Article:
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New Worlds, New Horizons in Astronomy and Astrophysics
Implementing a Cosmic Dawn Science Plan
Carry out simulations and theoretical calculations to motivate and interpret observations aimed at understanding our cosmic dawn.
Find and explore the epoch of reionization using hydrogen line observations starting with the HERA telescopes that are already under construction.
Use CCAT to identify the best candidate young galaxies for study with submillimeter observations.
Study these galaxies in detail using ALMA; in particular, monitor how fast the gas that they contain is being converted into stars.
Use JWST to measure the rate at which stars are being formed out of gas, and understand their role in reionizing the universe.
Use GSMT to study the early evolution of infant galaxies using optical and infrared spectroscopy.
Use GSMT and IXO to monitor the exchange of gas between the galaxies and the surrounding intergalactic medium.
Study the rate of formation and growth of black holes in the nuclei of young galaxies using IXO and WFIRST.
Employ LISA to measure the rate at which young galaxies merge through observing powerful bursts of gravitational radiation produced during the coalescence of their nuclear black holes.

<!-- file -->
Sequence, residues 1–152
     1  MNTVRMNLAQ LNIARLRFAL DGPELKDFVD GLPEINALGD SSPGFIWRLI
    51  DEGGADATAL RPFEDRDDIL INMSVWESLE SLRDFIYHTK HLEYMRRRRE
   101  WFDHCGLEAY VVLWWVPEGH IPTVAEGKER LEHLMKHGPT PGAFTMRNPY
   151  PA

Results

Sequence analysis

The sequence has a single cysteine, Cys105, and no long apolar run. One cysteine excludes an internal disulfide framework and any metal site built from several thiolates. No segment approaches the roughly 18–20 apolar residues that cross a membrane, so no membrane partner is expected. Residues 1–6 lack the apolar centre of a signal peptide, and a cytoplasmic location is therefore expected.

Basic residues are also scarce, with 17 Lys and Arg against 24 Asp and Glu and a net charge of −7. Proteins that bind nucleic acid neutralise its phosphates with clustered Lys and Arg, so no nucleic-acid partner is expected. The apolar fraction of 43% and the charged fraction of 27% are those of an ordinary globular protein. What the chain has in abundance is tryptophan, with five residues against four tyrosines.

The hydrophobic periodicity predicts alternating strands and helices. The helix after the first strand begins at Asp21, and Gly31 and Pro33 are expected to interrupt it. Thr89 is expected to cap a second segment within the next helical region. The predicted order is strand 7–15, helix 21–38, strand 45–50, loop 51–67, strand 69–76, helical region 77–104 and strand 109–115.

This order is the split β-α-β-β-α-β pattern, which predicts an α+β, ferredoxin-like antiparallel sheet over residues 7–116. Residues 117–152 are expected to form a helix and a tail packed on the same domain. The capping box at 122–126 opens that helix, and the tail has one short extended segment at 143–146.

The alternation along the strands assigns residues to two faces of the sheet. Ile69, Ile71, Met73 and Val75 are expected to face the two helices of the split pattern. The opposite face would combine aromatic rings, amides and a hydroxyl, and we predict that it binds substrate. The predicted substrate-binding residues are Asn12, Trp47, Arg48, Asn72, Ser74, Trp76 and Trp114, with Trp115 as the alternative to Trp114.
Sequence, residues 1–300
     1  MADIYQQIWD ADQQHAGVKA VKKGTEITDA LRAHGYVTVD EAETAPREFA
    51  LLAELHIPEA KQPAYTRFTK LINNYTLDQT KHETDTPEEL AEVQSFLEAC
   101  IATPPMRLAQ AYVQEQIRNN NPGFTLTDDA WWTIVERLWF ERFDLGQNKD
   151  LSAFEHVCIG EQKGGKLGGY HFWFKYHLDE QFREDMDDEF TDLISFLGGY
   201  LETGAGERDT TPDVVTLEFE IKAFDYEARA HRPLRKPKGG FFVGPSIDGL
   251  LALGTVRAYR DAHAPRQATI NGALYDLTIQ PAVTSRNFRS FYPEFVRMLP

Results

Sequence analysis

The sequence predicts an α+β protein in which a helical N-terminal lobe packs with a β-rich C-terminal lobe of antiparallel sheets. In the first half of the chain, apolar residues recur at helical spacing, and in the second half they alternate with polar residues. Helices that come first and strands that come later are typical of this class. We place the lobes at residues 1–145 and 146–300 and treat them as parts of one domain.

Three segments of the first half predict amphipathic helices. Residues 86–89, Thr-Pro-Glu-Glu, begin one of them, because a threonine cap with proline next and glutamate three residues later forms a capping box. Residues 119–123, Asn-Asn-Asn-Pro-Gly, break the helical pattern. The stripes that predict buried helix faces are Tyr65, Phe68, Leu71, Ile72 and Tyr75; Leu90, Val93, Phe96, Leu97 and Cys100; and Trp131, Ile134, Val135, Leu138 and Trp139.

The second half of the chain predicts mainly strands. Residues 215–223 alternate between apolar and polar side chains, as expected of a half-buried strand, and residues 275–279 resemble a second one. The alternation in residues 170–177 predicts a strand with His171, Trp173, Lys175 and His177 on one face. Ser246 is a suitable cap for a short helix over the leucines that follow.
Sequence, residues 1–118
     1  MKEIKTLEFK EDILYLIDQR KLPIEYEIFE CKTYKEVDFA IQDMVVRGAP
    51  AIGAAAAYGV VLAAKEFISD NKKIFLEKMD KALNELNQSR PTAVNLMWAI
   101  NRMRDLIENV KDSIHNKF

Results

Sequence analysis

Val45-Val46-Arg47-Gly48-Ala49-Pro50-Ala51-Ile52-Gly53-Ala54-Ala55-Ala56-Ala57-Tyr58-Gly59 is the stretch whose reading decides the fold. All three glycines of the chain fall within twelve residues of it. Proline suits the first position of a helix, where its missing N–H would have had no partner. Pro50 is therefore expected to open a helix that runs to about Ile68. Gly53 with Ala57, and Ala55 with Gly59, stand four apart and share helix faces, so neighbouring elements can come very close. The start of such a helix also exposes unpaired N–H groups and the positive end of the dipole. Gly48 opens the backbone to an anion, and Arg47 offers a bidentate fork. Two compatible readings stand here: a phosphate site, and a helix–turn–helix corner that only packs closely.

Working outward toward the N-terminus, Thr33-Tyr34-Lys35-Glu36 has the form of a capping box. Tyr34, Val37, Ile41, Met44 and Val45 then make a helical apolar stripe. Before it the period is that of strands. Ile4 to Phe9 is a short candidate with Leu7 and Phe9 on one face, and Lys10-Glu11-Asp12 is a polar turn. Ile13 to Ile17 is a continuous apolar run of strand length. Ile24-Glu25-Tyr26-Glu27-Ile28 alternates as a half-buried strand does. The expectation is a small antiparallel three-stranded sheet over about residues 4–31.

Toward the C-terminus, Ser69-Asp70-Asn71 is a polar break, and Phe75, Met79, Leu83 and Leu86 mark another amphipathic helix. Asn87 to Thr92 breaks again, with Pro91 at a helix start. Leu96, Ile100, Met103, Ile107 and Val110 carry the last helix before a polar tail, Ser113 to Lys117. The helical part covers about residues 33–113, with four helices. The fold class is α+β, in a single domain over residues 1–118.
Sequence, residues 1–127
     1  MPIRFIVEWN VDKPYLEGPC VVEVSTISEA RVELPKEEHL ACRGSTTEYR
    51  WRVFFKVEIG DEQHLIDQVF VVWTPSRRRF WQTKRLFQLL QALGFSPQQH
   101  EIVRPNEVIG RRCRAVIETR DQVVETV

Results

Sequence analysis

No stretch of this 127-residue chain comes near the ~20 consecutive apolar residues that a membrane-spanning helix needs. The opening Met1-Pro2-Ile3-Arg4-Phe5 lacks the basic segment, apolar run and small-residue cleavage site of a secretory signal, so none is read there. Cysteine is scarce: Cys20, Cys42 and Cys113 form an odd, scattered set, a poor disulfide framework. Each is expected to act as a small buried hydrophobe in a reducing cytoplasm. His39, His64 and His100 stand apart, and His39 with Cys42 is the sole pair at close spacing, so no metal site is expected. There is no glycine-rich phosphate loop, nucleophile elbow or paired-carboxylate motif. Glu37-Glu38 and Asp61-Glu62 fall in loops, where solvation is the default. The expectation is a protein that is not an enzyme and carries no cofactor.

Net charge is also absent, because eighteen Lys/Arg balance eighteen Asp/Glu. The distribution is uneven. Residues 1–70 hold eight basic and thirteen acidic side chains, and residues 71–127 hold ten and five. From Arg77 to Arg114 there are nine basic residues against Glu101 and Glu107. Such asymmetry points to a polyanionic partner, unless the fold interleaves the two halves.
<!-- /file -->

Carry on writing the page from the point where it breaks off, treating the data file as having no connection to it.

Study the oldest stars in nearby galaxies using GSMT.
NOTE: ALMA, Atacama Large Millimeter/submillimeter Array; CCAT, formerly the Cornell-Caltech Atacama Telescope; GSMT, Giant Segmented Mirror Telescope; HERA, Hydrogen Epoch of Reionization Array; IXO, International X-ray Observatory; JWST, James Webb Space Telescope; LISA, Laser Interferometer Space Antenna; and WFIRST, Wide-Field Infrared Survey Telescope.
Although our own solar system has four such terrestrial bodies, the frequency of formation of terrestrial planets, mass distributions as a function of stellar mass, and orbital arrangements are not understood. Generating a census of Earth-like or terrestrial planets is the essential first step toward determining whether our own home world is a commonplace or rare outcome of planet formation.
We have various complementary means of building up a census of Earth-like planets. The ground-based radial velocity and transit surveys are most sensitive to large planets with small orbits, as is the Kepler satellite, although it should be capable of detecting Earth-size planets out to almost Earth-like orbits. Together these techniques will determine the probability of planets with certain orbital characteristics around different types of stars. To complete the planetary census, it will be necessary to use techniques that are sensitive to Earth-mass planets on large orbits. One such technique is called gravitational microlensing, whereby the pres-